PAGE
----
FIG. 9 is a sectional view of the device of FIG. 6, taken along the line 8--8, but shown tilted laterally.
Although the invention has been described with reference to a specific embodiment, this description is not meant to be construed in a limiting sense. Various modifications of the disclosed embodiment as well as alternative embodiments of the invention will become apparent to persons skilled in the art upon reference to the description of the invention. It is therefore contemplated that the appended claims will cover any such modifications or embodiments that fall within the true scope of the invention.
FIG. 1 shows a user 10 engaged in the activity of driving an automobile. Because activities such as this require the user to maintain an awake and alert status, the user is provided with an alarm device 12 that will warn the driver 10 when he begins to fall asleep. The device 12 is configured to be worn behind the user's ear, as shown.
Referring to FIG. 2, the device 12 consists of a housing 14, which houses the internal components of the device, and an earphone or sound emitter 16, which is attached to the housing 14 by a flexible insulated wire 18. The housing 14 is tapered to a narrow upper end that projects forward over the top of the ear when worn behind the user's ear. The housing 14 is either formed of a soft flexible rubber material or is covered with such material to provide a comfortable fit. The earphone 16 is configured to be worn or inserted within the user's ear, as shown in FIG. 1. The ear phone 16 is approximately one-half inch in diameter and approximately one-quarter inch thick. The earphone 16 is covered in a foam sponge material 20 to provide a snug fit within the ear.
Located in the back and near the upper end of the housing 14 is an on/off switch 22. The switch 22 is located at the back of the housing so that it is accessible when the housing is mounted behind the ear. The switch 22 allows the device to be selectively turned on and off.
Also located in the back of the housing is a battery access slot 24. The slot 24 allows a battery 26 (FIG. 4) to inserted and removed from the housing interior. The battery 26 is a disk-type battery, such as those used in hearing aids. The size of the battery depends upon the voltage required by the sound emitter 16. The sound emitter 16 is connected by wire 18 to the battery 26 through the on/off switch 22 so that the sound emitter can be selectively turned on and off if desired.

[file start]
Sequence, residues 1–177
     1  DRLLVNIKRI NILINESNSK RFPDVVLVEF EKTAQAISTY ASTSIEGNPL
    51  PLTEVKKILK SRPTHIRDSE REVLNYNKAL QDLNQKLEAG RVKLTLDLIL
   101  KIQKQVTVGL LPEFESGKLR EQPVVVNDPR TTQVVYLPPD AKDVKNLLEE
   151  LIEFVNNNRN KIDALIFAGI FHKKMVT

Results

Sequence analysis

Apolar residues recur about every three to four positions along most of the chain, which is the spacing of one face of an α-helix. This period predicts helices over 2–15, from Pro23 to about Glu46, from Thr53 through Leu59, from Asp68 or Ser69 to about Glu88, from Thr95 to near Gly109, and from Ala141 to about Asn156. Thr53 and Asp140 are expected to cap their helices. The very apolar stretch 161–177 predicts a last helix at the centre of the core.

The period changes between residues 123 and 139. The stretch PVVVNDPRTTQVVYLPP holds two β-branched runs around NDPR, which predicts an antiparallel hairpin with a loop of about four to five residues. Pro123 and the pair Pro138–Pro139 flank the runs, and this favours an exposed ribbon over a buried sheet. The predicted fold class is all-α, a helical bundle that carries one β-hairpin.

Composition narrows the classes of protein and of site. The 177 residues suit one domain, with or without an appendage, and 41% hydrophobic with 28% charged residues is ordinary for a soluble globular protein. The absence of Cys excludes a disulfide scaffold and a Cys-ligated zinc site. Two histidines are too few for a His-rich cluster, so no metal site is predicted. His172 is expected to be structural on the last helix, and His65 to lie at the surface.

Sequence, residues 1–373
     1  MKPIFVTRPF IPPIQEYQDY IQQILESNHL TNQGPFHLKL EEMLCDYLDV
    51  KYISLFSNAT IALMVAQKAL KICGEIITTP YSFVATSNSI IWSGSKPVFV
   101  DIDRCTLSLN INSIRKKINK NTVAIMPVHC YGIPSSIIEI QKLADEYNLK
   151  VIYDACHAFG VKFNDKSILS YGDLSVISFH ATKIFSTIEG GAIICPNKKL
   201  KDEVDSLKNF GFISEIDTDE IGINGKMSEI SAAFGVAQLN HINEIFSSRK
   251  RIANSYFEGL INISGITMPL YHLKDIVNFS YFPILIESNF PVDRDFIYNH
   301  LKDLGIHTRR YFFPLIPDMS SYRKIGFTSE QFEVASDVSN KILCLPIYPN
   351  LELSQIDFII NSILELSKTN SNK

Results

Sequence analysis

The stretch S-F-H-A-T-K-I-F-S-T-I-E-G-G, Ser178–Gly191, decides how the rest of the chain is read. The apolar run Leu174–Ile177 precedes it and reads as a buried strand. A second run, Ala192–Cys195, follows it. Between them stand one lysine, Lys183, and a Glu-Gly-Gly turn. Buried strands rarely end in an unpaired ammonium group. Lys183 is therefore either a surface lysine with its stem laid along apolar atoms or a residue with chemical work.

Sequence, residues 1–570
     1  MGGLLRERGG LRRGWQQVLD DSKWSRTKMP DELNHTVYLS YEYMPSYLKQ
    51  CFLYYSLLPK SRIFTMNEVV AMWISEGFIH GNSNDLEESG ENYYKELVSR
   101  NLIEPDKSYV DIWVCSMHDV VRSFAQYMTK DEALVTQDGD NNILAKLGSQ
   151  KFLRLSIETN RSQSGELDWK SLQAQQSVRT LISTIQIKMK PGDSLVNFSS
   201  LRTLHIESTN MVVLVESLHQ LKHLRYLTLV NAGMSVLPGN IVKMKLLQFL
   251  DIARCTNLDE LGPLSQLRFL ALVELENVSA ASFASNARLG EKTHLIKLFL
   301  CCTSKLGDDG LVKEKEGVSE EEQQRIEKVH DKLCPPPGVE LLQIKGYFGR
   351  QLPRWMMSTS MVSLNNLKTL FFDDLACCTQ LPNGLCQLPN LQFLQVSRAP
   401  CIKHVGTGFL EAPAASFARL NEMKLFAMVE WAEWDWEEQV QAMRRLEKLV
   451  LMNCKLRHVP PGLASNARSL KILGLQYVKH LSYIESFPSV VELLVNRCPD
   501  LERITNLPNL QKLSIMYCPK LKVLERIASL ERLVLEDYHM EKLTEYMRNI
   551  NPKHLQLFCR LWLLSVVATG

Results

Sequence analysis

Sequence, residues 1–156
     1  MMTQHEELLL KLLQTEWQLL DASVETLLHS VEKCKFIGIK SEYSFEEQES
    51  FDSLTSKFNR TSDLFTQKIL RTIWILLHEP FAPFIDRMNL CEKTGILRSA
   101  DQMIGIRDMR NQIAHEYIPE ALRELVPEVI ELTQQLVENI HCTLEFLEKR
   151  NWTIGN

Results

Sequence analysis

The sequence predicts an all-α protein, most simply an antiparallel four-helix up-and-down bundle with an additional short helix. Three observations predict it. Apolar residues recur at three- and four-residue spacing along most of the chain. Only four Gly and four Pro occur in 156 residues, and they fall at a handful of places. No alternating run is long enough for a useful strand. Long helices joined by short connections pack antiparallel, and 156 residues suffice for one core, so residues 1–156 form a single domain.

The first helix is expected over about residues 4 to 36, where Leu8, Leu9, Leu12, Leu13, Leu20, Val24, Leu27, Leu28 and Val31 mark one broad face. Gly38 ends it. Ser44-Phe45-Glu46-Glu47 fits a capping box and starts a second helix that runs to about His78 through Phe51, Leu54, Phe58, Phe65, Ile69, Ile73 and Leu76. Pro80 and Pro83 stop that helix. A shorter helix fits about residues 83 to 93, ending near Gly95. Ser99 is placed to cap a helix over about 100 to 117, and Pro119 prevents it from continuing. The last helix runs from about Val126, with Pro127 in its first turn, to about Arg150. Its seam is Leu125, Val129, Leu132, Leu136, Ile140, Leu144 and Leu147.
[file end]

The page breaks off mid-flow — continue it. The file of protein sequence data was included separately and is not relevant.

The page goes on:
Referring to FIG. 3, located within the housing 14 is a transverse rod 28 formed of an electrically conductive material. The rod 28 has a circular cross section. The ends of the rod 28 are seated within the sides of the housing 14. A metal piece 30 (FIG. 4) is electrically coupled and extends from the rod 28 and contacts one side of the battery 26, holding the battery in place against the interior wall of the housing 14.
Embedded within the rubber material of the housing 14 is another metal lead 32, which contacts the opposite side or terminal of the battery 26. The metal lead 32 is connected to four metal contacts 34, preferably copper, which project from the interior wall of the housing and are located at approximately 90° intervals around the interior periphery of the housing 14. The contacts 34 are electrically coupled together by a metal conductor 36. Alternatively, the contacts 34 may be formed from a continuous band of conductive material formed as a ridge around the interior periphery of the housing 14 or may be formed from separate pieces located at various intervals as described.
Suspended at one end on the rod 28 is a generally flat metal disk or pendulum 38. The disk is oblong in shape, as shown in FIG. 3, and has a hole or aperture 40 formed off center at the upper end of the disk 38. The disk 38 is preferably formed of copper, but may be of any other conductive metal. The hole 40 is slightly greater in diameter than the rod 28, which extends through the hole 40, so that the disk 38 is allowed to swing freely upon the rod 28. The edges of the aperture, as shown in FIG. 4, are convex curves to facilitate transverse or side-to-side swinging motion of the disk 38 upon the rod 28. With the disk 38 mounted upon the rod 28, the disk is in electrical contact therewith.
As can be seen in FIG. 4, the housing tapers inward toward the upper end to a vertex. The limited space of the housing 14 formed by the vertex causes the disk 38 to be generally maintained in a centered position upon the rod 28. The sidewalls of the housing 14 are sloped at an angle of approximately 17 to 20 degrees from the sides or longitudinal axis of the disk when the disk is vertical and centered upon the rod 28, as shown in FIG. 4, to provide a clearance as the disk 38 is swung between the vertical and contact positions. Likewise, the edges of the disk 38 are spaced from the contacts 36 at the front and back of the housing 14 when the disk is centered so that the edges of the disk will touch the contacts 34 when the disk is rotated or swung between about 17 to 20 degrees from the vertical or centered position.